By Zsarlene B. Chua, Reporter
IN 1998, the Queen City of the South saw the opening of a new hotel, a hotel that was created from the outset to not just add 562 rooms to Cebu City’s capacity but to become the venue of choice for everything from large conferences to major concerts.
Now celebrating its 20th year, Waterfront Cebu City Hotel and Casino remains one of Cebu City’s most recognizable structures, with its teal roof and a look reminiscent of The Grand Budapest Hotel, the 2014 Wes Anderson film. The hotel in the film was inspired by a castle in Karlove Vary, Czech Republic.
Beyond its architecture, Waterfront Cebu is perhaps best known for its Pacific Grand Ballroom which can accommodate up to 7,000 people, making it the city’s biggest MICE (meetings, incentives, conventions and events) venue.
And it’s the conferences which makes up the largest segment of the market for the hotel, by far, according to general manager Anders Hallden.
“I must say, the guys who built [the hotel] must have had it on the drawing board already in 1993. They had a great vision,” he told the Manila-based media during a visit to Cebu on Feb. 24.
Twenty years on, he said that Cebu is “a good place to be in right now” because of the new Mactan Cebu International Airport opening its second terminal in July which will spell more direct flights from neighboring countries to the city.
Being the good place to be also signals the entrance of several other competitors in the city, with Bai hotel being the most recent (it held its soft opening in 2017 and will have 668 rooms), but Mr. Hallden said there is room for everyone and is thus not threatened, but admitted that it does keep them on their toes.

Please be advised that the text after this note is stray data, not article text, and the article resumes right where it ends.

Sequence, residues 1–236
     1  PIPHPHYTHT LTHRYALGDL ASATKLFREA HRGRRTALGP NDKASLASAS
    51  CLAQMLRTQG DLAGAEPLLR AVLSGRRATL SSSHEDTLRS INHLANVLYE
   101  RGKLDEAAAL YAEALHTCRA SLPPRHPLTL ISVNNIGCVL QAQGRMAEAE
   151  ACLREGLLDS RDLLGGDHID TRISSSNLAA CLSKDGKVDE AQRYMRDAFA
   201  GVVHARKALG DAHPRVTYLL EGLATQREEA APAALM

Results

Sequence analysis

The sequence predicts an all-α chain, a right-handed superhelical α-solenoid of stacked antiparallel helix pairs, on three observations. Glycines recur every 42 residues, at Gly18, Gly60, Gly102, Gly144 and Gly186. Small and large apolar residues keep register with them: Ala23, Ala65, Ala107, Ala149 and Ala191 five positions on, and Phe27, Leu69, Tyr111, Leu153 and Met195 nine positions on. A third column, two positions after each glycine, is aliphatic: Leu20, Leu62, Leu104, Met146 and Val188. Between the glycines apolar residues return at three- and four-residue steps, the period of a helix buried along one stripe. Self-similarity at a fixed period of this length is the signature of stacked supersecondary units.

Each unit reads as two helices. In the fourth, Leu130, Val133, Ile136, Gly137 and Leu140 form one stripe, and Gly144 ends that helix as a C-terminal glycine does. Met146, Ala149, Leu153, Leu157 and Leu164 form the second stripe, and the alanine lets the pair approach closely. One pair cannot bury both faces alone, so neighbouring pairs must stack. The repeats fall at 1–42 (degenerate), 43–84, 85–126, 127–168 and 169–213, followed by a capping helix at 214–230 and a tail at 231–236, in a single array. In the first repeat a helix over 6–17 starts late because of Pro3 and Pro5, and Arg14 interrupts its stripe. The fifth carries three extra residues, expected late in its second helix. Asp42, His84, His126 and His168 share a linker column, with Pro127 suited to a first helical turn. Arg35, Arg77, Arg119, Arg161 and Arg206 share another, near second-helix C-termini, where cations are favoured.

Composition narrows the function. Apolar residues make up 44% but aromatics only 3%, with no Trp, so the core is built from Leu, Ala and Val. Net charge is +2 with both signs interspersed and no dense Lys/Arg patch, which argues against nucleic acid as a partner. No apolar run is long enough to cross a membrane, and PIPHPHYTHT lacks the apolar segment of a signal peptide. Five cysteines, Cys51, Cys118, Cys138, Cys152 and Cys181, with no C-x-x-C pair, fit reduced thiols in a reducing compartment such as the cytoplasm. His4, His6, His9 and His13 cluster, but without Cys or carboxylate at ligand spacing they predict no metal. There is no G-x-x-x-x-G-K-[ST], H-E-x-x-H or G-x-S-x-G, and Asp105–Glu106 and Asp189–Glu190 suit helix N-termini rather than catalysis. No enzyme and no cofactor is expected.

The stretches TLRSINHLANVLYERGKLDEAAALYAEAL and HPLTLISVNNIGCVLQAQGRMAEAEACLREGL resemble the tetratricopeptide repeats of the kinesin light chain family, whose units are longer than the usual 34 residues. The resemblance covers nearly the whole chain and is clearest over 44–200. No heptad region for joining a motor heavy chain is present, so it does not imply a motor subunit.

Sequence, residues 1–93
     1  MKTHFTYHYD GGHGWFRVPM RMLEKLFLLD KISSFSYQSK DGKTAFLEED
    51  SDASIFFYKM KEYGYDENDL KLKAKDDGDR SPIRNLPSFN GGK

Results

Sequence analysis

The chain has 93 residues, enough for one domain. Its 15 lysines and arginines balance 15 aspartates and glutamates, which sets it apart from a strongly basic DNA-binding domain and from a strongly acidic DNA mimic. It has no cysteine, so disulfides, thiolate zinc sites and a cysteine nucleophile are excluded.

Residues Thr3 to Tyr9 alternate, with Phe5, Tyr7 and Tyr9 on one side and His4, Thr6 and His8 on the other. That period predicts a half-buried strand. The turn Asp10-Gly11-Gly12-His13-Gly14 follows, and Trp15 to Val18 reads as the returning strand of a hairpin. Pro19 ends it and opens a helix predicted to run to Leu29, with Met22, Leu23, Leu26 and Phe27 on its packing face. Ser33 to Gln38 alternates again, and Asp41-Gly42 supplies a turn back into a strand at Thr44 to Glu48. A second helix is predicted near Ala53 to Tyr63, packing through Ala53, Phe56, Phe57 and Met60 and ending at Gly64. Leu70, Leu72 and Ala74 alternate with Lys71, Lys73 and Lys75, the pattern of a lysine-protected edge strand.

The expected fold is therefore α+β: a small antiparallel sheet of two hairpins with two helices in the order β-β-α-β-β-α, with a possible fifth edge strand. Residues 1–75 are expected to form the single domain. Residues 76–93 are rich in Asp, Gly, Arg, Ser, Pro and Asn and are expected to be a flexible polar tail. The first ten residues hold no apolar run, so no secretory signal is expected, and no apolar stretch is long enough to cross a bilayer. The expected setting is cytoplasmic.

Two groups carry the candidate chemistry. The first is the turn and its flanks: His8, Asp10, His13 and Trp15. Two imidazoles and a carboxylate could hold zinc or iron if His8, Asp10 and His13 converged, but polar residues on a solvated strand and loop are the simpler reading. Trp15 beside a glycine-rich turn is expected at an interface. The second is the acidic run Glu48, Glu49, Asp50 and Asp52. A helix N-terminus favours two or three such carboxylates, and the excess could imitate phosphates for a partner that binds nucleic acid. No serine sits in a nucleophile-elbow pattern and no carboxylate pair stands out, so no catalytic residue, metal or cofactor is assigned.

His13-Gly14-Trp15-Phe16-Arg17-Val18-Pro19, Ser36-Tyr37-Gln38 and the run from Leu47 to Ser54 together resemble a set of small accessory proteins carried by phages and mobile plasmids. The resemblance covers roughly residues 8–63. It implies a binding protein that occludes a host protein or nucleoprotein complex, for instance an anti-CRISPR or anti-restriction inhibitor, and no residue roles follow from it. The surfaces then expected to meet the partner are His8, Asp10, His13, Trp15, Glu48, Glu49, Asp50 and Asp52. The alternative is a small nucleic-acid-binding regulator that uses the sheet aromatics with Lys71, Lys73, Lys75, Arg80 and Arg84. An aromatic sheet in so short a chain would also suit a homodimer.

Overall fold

Because of that, Mr. Hallden said that the hotel is planning on renovating its banquet facilities this year. After that, he said, they will turn their attention to renovating the rooms.
“But I’m not getting any more rooms — with 562 rooms and it’s sufficient for me, at this moment. We’re running very high [occupancy] there are times when I’m running out of rooms,” he explained before adding that average occupancy is 87%.
Filipinos may still count for more than half of Waterfront Cebu’s current market but the Koreans are a close second, followed by Japan and China.
The hotel is getting its fair share of millennial travellers to — they make up to 20% of the hotel’s guest which Mr. Hallden said is not very high but he is confident that the number will soon rise.
“It’s a market that will come to me because the hotel is a destination,” he said.
Mr. Hallden said that one of the things the hotel is most proud of is the existence of seven food and beverage outlets, each of them serving different cuisines, from Japanese (Mizu) to Chinese (Tin Gow) to Italian (La Gondola).
He then explained that he was the hotel’s executive chef from 2006 to 2007 before returning 10 years later to become the hotel’s general manager.
Each of the hotel’s restaurants has its own following, so the hotel decided to pit each restaurant’s chef against one another with their version of Iron Chef, a popular Japanese cooking show which first aired in 2003. The hotel’s Iron Chef is scheduled as part of their Fourth of July celebrations.
“There is so much going on and the future looks very interesting…The future looks very good for Cebu City and we are working to be there with the development,” he was quoted as saying in a press release.